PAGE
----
The role of CD8+ T-cells in lesion formation and axonal dysfunction in multiple sclerosis

Jeremiah McDole, Aaron J. Johnson, Istvan Pirko

Research output: Contribution to journalReview articlepeer-review

46 Scopus citations


The etiology of multiple sclerosis (MS) remains unknown. However, both genetic and environmental factors play important roles in its pathogenesis. While demyelination of axons is a hallmark histological feature of MS, axonal and neuronal dysfunction may correlate better with clinical disability. All major immune cell types have been implicated in the pathogenesis of MS, with the CD4+ T-cells being the most commonly studied. In this review, we discuss the involvement of CD8+ T-cells in MS. In addition, we review the contribution of CD8+ T-cells to the pathogenesis of experimental autoimmune encephalitis (EAE) and Theiler's murine encephalomyelitis virus (TMEV) mouse models of MS, including the concept of CD8+ T-cell mediated axonal damage.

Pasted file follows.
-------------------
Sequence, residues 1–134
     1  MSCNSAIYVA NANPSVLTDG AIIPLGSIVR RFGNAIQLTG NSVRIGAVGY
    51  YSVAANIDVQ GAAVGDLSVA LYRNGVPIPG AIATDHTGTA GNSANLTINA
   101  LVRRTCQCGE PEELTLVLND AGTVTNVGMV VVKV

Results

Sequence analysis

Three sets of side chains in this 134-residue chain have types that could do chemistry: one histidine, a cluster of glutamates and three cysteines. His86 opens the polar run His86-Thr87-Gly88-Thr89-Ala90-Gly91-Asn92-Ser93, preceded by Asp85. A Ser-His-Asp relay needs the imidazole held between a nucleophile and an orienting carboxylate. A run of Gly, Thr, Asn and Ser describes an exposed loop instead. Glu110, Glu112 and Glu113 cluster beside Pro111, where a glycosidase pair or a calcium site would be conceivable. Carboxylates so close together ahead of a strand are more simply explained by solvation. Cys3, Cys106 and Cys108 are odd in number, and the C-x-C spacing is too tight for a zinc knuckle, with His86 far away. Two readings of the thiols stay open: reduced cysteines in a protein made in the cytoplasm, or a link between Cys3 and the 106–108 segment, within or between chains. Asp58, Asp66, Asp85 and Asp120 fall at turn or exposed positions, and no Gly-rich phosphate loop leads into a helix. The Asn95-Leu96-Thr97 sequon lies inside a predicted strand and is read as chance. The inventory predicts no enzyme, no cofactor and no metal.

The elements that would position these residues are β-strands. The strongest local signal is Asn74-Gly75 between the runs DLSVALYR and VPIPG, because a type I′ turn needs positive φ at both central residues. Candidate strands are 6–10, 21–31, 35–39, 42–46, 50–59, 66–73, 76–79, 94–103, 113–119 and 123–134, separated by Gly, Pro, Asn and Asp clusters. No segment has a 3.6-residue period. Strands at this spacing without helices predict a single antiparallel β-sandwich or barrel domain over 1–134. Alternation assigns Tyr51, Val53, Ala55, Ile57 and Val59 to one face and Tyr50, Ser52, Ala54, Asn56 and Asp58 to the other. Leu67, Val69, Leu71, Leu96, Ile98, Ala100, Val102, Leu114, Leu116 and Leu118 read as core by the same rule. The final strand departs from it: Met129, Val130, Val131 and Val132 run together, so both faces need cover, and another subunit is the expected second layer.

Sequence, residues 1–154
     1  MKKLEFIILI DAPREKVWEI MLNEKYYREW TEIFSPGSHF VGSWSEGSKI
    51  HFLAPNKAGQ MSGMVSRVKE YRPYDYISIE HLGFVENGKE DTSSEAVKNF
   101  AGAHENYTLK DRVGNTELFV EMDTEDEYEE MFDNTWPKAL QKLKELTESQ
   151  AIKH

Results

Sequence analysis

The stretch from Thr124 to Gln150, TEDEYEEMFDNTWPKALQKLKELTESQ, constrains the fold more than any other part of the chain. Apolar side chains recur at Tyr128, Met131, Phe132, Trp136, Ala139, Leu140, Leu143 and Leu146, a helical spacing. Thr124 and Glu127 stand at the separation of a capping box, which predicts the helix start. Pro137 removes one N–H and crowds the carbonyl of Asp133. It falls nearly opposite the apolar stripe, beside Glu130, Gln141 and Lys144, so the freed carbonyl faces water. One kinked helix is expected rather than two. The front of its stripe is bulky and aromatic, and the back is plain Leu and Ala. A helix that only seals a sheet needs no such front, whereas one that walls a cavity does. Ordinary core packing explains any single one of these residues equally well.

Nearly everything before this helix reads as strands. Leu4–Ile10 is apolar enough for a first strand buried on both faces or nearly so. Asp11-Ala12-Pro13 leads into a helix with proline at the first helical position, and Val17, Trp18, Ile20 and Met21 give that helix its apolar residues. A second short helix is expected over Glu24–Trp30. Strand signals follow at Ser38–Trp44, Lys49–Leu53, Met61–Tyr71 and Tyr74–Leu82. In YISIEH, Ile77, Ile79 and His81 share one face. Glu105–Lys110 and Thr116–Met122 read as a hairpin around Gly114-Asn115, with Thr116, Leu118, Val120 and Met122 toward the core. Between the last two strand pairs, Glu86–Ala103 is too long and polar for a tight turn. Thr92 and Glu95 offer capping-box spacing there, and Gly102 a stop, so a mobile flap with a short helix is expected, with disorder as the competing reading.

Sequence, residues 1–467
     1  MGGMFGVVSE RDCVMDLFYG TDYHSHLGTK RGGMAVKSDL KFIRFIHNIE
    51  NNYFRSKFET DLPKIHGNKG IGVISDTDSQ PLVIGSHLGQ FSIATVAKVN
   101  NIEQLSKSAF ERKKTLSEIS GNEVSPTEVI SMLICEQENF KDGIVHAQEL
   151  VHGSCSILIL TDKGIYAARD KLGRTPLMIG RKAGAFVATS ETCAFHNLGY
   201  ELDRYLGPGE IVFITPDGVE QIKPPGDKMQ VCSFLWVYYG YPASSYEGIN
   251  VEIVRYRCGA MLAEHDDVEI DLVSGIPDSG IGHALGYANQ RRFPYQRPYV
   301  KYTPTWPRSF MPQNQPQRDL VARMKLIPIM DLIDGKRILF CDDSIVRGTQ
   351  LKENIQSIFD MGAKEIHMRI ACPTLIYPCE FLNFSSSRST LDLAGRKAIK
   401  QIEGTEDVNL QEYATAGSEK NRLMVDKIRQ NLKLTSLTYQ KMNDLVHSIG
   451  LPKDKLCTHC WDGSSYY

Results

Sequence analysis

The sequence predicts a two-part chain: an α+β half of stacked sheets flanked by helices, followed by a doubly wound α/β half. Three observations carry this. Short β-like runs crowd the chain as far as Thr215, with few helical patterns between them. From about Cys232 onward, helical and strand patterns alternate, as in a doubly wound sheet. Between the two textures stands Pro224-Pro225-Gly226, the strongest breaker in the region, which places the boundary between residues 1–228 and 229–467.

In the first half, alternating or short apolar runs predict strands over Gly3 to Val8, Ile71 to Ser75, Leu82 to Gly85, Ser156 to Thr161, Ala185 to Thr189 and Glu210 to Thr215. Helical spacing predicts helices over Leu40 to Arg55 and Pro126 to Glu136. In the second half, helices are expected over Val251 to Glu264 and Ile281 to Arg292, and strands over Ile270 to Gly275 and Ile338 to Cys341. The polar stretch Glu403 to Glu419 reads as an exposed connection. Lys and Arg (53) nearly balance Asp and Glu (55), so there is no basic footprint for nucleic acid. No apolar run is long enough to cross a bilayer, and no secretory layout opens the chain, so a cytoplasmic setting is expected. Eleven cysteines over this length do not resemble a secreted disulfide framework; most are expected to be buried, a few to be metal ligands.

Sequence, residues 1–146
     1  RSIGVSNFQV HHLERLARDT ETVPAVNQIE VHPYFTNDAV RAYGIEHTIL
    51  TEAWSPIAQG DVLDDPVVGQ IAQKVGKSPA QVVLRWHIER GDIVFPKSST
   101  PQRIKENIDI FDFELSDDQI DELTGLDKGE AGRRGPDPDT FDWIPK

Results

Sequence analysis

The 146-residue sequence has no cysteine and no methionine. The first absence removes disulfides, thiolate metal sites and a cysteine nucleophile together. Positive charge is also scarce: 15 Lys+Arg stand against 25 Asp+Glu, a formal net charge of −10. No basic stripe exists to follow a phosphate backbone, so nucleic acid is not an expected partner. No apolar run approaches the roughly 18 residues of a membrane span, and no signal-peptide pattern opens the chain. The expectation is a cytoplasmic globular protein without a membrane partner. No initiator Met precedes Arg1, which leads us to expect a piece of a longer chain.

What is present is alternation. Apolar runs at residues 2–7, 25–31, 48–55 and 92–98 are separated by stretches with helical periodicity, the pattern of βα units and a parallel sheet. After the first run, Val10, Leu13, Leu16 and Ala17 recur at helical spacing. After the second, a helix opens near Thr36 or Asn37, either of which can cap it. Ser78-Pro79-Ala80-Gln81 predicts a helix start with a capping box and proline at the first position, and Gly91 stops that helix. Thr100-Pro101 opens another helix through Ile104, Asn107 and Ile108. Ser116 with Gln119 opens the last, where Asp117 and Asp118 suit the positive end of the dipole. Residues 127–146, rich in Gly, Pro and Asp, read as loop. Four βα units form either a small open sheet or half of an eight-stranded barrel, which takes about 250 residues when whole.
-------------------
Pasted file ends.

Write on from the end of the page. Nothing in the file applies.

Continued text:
Original languageEnglish (US)
Pages (from-to)256-261
Number of pages6
JournalNeurological research
Issue number3
StatePublished - Apr 1 2006


  • Axonal damage
  • Axonal dysfunction
  • CD8+ T-cell
  • Demyelination
  • Experimental autoimmune encephalitis (EAE)
  • Multiple sclerosis
  • Theiler's murine encephalomyelitis virus (TMEV)

ASJC Scopus subject areas

  • Neurology
  • Clinical Neurology


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